A long, long time ago, in my late 20s, was when I first came to Grace Community Church in 1969. It was a vibrant church, excited, energetic, committed to Christ, ready to move ahead and see what God would do. It was a church that had enjoyed the blessing of God up to that point. And we were all eager to see what was going to happen in the future.
The passion of this church was to reach out and see people come to Christ. That was their longing. And so, back then, everyone was hoping to see the church grow. They were hoping to see more people come and be introduced to Christ.
At the beginning, though, my main concern was not, “How can we get more people in this building?” In fact, when I came to Grace Church, there was one prevailing thing that settled into my mind. It was a text of Scripture that deeply concerned me. For the past few years, I had been grappling with Matthew 18:15-20.
If your brother sins, go and show him his fault in private; if he listens to you, you have won your brother. But if he does not listen to you, take one or two more with you, so that by the mouth of two or three witnesses every fact may be confirmed. If he refuses to listen to them, tell it to the church; and if he refuses to listen even to the church, let him be to you as a Gentile and a tax collector.
Truly I say to you, whatever you bind on earth shall have been bound in heaven; and whatever you loose on earth shall have been loosed in heaven. Again I say to you, that if two of you agree on earth about anything that they may ask, it shall be done for them by My Father who is in heaven. For where two or three have gathered together in My name, I am there in their midst.
I had great difficulty with that passage of Scripture because I, in my entire life, had never experienced or heard of a church that put this into practice. Not once. And so this passage consumed my thinking; I read extensively about it, and I found commentators who explained the text. But I found no one who had actually applied it. And when I asked some pastors I knew, they all said they had never implemented it and didn’t know of anyone who had.
But I said, “This is the very first instruction to the church. This is where the word ‘church’ shows up for the first time. This is our Lord’s top concern for the church, that the church would deal with sin within its own members. So why do we not implement it?”
I was told by men much older and wiser than myself that if I tried to implement church discipline at Grace Church, I would empty the place. I was told, “Do you think you can have people in your church walk up to other people in your church and confront their sin without driving them away? Do you think you could possibly get a little group of people to go after a sinning believer without frightening everybody out? And you certainly can’t announce someone’s sin to the whole congregation and expect anybody to show up the next week. If you’re concerned about adding people to the church, forget about church discipline.”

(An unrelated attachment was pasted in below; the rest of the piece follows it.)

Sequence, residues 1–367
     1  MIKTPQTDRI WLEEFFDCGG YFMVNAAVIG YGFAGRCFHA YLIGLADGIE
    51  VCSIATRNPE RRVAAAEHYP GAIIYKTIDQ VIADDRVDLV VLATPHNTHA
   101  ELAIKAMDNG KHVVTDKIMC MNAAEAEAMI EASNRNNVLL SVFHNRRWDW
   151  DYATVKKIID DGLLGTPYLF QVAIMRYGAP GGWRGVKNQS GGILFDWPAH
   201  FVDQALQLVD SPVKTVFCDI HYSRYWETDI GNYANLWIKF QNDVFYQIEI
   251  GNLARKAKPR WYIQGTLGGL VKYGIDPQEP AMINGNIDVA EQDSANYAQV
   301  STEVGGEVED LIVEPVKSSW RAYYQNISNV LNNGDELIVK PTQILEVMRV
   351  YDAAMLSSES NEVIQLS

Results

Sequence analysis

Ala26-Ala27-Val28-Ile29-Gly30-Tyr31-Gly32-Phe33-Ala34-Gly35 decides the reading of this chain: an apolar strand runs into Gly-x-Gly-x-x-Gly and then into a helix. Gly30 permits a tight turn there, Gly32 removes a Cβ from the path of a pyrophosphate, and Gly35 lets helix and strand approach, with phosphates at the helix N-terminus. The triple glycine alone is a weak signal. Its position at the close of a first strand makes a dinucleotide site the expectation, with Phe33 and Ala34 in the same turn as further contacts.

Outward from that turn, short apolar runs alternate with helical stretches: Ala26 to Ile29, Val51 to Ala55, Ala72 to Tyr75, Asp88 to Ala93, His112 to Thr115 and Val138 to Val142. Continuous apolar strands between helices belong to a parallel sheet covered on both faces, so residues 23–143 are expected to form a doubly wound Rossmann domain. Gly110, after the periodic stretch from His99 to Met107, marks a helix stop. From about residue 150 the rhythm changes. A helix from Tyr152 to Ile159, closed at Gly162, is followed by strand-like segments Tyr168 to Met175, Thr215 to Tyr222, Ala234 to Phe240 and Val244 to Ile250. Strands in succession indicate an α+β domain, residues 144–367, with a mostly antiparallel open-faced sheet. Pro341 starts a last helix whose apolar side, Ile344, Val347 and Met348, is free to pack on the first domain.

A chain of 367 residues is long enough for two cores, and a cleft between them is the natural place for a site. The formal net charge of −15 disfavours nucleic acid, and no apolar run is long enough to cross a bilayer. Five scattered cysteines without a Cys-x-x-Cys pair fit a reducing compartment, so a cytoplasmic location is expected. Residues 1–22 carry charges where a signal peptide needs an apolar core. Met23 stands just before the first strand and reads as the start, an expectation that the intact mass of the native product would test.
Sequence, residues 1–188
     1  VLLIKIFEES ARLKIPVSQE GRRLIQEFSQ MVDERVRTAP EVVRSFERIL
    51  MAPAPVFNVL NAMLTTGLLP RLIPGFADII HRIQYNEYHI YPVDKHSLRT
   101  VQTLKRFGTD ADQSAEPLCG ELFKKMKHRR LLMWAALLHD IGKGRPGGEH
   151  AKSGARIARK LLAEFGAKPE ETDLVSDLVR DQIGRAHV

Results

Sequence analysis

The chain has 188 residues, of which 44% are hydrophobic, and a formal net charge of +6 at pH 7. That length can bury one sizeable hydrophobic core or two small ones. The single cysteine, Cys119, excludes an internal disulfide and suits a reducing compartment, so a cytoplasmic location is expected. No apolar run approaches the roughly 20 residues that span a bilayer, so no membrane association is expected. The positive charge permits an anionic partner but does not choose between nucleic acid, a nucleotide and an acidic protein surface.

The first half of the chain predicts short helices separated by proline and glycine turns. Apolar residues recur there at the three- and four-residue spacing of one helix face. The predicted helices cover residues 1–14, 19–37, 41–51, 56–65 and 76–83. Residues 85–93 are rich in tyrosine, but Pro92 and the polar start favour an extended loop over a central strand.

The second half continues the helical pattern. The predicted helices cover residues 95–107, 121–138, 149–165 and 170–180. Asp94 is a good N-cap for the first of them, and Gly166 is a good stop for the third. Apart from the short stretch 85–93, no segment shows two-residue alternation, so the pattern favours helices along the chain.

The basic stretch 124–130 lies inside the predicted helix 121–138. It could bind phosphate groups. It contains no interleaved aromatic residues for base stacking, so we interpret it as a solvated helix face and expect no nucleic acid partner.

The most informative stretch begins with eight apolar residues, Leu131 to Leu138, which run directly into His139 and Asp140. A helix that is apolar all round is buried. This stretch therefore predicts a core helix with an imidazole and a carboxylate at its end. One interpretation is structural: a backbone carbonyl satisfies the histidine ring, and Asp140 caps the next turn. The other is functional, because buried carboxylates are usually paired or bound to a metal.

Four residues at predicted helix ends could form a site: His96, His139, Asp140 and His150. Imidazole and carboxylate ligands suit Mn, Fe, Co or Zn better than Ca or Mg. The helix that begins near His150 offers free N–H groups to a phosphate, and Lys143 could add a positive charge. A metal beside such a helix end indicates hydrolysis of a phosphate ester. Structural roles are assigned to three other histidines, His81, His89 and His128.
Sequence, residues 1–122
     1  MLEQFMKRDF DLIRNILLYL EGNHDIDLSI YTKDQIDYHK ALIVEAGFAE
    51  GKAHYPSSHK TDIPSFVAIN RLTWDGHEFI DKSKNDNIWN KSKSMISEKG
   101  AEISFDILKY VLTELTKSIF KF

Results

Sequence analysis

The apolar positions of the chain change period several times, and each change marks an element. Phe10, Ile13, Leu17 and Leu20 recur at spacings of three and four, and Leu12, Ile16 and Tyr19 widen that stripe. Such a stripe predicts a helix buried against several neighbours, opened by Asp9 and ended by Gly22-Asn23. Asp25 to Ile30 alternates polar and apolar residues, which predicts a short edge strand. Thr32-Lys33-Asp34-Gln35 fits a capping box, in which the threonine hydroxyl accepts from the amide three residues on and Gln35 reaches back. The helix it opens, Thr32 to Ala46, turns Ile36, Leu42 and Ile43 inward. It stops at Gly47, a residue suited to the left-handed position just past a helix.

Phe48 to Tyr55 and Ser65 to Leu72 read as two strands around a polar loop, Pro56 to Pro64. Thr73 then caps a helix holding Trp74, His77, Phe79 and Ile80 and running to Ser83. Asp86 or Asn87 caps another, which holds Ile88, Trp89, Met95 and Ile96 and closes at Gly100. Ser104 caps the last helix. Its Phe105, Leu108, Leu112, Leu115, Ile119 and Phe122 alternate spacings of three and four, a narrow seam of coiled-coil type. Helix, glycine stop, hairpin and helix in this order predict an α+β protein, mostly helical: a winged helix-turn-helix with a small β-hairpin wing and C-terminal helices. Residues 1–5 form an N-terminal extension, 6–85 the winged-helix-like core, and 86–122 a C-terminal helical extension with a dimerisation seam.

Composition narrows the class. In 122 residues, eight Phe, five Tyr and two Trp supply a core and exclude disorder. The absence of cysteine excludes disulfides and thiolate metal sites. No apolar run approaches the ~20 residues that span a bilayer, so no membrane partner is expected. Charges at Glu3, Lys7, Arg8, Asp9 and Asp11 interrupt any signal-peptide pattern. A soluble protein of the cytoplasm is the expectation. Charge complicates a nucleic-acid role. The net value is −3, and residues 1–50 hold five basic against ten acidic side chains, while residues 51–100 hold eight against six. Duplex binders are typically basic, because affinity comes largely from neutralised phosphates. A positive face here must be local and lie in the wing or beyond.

However, I was reminded of an event in Acts 5:
But a man named Ananias, with his wife Sapphira, sold a piece of property, and kept back some of the price for himself, with his wife’s full knowledge, and bringing a portion of it, he laid it at the apostles’ feet. But Peter said, “Ananias, why has Satan filled your heart to lie to the Holy Spirit and to keep back some of the price of the land? While it remained unsold, did it not remain your own? And after it was sold, was it not under your control? Why is it that you have conceived this deed in your heart? You have not lied to men but to God.”
And as he heard these words, Ananias fell down and breathed his last; and great fear came over all who heard of it. (Acts 5:1-5)
Ananias and Sapphira were struck dead by God because they sinned by lying. And we might think, “That’s a great way to keep people out of the church. No one will want to be involved with an organization where people get killed.”
So why did the Lord do this? Was He trying to prevent the church from growing? Why, at the very outset, in the very first church in Jerusalem, did the Lord do something as dramatic as executing two liars? That’s not exactly welcoming.
Here’s the takeaway: One of our objectives as the church is to make our commitment to holiness so crystal clear that, on their own, fallen people have no desire to join us.
Of course, this has been turned on its head in our society with our modern brand of evangelicalism. This is the absolute opposite of the contemporary instinct to hide our commitment to righteousness so that nobody will find us offensive.
But look at what Acts says: “All the more believers in the Lord, multitudes of men and women, were constantly added to their number” (Acts 5:14).
After Ananias and Sapphira were executed, the church started growing even faster. And why was this the case, even though people were scared of the church’s high standard of holiness? The church grew because the Lord was the one adding people to their number:
And the Lord was adding to their number day by day those who were being saved. (Acts 2:47)
The Lord is the one who grows the church, and He blesses obedience, not compromise.
If there is anything we know to be true in Scripture that we are unwilling to follow, that is a severe breach in our integrity. Our approach to Scripture becomes selective. And there is no place for that. We must have an absolute commitment to Scripture, not only to believe it is true, but to believe it must be implemented. That’s the only way to live a joyful, productive Christian life, and that’s the only way to have a church that the Lord Himself builds and that honors Him.
Next time, we will look closer at Jesus’s instructions for church discipline.
This post is based on a sermon Dr. MacArthur preached in 2008, titled “The Childlikeness of Believers: Confronting Sin.”
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